The Portrait of the Young Man as Commercial Artist

Born in 1914 in Rochester, New York, the son of a woodworker who died at the tender age of forty in the midst of the Great Depression, it is fair to say Virgil Finlay grew up poor. Luckily, or perhaps not so luckily - he was, after all, possessed of an impressive artistic talent demonstrable by the even tenderer age of sixteen - by 1935 he had managed to reconcile his collective misfortunes, successfully convincing Farnsworth Wright, editor of the horror and fantasy magazine Weird Tales, to buy his artworks. His indelible, dense-as-a-thicket style transferred spectacularly to the raw paper used commonly in pulp magazines.

Earle K. Bergey, on the other hand, was a Pennsylvania Academy of Fine Arts graduate. Not to put too fine a point on it, but as a pretty well-to-do middle-class kid from Philadelphia, Bergey never truly comprehended what has been described elsewhere in this article as "the madness at the heart of the technological age." Too young to enlist in 1919, he missed finding out just how mad it got (not much is known about his time in England during WWII).

His first job - in 1927 - landed him in the art department of the Philadelphia Ledger, illustrating what can only be ascertained on the sole evidence of its name to fairly spry comic strip called Deb Days. During the 1930s and 40s he carved out a niche as cover artist for a wild array of pulp magazines. These included several science fiction publications including Captain Future, Thrilling Wonder Stories and Fantastic Story Magazine. His style was in the popular mold of the period, summed-up neatly as "Bim, BEM, Bum" (bimbo in a kooky outfit for frills, bug-eyed-monster for chills and a heroic bum for thrills).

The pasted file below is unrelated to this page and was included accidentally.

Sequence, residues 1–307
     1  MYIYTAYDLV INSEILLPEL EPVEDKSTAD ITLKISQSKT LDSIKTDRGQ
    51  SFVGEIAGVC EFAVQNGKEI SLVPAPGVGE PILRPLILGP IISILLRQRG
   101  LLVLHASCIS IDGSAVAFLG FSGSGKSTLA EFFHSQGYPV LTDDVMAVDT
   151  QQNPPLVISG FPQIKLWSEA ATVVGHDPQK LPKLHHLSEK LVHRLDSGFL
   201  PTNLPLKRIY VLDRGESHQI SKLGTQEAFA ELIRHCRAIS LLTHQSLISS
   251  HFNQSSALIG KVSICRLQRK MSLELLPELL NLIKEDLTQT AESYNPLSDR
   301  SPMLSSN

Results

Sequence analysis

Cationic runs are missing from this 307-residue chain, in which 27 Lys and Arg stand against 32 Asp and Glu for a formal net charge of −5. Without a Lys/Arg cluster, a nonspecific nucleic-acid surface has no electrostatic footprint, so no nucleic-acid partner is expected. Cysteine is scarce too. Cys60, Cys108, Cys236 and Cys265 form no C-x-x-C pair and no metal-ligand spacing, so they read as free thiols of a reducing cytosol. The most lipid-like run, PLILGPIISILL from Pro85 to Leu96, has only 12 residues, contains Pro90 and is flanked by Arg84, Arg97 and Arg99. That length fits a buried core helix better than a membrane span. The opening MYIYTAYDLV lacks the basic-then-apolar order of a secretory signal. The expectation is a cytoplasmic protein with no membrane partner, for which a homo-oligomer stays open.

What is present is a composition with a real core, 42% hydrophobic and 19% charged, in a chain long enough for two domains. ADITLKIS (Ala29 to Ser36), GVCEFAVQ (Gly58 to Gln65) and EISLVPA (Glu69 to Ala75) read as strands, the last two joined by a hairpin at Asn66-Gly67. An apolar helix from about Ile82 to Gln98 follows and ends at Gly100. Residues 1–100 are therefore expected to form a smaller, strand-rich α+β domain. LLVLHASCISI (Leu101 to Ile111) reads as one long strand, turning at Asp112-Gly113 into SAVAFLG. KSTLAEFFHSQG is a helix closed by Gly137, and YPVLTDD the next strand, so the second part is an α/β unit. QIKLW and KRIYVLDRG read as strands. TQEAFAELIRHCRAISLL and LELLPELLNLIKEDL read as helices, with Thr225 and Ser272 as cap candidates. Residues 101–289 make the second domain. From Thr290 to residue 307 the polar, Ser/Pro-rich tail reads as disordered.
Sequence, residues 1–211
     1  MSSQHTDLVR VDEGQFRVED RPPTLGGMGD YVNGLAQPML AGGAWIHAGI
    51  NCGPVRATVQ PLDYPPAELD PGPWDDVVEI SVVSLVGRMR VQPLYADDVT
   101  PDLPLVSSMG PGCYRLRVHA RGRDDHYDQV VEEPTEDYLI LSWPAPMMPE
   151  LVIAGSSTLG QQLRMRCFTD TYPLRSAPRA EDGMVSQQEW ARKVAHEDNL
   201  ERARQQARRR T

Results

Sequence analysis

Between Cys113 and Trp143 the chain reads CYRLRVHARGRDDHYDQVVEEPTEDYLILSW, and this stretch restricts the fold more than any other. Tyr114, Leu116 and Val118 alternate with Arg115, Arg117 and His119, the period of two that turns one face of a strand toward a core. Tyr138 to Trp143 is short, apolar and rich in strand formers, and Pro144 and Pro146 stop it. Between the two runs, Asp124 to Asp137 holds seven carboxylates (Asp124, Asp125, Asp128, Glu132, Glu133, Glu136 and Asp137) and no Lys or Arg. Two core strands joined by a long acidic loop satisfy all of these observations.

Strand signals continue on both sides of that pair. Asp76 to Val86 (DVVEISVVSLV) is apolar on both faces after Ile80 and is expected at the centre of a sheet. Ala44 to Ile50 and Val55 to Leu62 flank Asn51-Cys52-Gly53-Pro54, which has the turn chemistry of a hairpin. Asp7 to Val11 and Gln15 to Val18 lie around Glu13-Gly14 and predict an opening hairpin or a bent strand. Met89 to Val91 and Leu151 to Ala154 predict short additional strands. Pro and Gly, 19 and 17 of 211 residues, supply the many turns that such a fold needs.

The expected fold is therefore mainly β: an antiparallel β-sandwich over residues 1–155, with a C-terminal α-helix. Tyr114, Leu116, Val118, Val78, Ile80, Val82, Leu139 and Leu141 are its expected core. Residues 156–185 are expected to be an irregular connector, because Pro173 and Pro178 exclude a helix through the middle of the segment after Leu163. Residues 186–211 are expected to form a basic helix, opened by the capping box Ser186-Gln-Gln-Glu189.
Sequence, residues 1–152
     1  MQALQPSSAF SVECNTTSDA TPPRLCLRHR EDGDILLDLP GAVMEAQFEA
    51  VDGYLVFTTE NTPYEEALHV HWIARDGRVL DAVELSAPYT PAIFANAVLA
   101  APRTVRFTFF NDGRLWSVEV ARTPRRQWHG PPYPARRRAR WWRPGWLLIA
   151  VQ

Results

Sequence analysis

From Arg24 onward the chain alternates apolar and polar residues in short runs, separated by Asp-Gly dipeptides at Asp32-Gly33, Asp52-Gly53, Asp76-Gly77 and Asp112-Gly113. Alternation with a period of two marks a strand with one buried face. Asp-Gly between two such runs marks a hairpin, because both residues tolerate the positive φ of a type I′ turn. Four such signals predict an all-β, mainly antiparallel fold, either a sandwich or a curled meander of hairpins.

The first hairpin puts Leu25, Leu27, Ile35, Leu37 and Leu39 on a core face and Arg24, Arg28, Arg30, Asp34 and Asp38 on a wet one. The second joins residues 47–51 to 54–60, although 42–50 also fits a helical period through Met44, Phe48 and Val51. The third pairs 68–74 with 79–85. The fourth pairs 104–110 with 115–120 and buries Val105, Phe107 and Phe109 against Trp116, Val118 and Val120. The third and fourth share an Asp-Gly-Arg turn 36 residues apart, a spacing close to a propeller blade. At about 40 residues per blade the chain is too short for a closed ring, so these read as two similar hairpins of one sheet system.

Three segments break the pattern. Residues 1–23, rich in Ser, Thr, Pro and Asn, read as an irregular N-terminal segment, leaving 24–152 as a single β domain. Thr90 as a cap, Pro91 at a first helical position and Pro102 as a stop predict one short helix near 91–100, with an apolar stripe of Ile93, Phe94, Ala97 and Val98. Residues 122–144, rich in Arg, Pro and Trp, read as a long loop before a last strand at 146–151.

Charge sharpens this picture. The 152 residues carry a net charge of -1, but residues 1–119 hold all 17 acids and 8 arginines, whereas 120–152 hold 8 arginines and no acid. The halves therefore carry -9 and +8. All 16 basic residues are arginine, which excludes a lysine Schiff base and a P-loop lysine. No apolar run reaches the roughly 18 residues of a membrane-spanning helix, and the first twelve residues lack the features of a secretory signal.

Fittingly, his most enduring work is his iconic book cover illustration for Gentlemen Prefer Blondes, but to be fair, his style, which is often derided for homogenizing a well-loved subculture with its emphasis on conventional heroism, scantily-clad women, unsightly aliens and garish colors, is the stuff Space Operas are made of.

Can you even imagine even how Star Wars might have looked without all or even some of those fantastical details?

Thanks to Art Lorte for the Deb Days strip, and to D. D. Degg for aiming Art in the correct direction. Allan Holtz's American Newspaper Comics
Deb Days ran from April 18 - November 19, 1927
Bergey was the artist from June 20 - November 19, 1927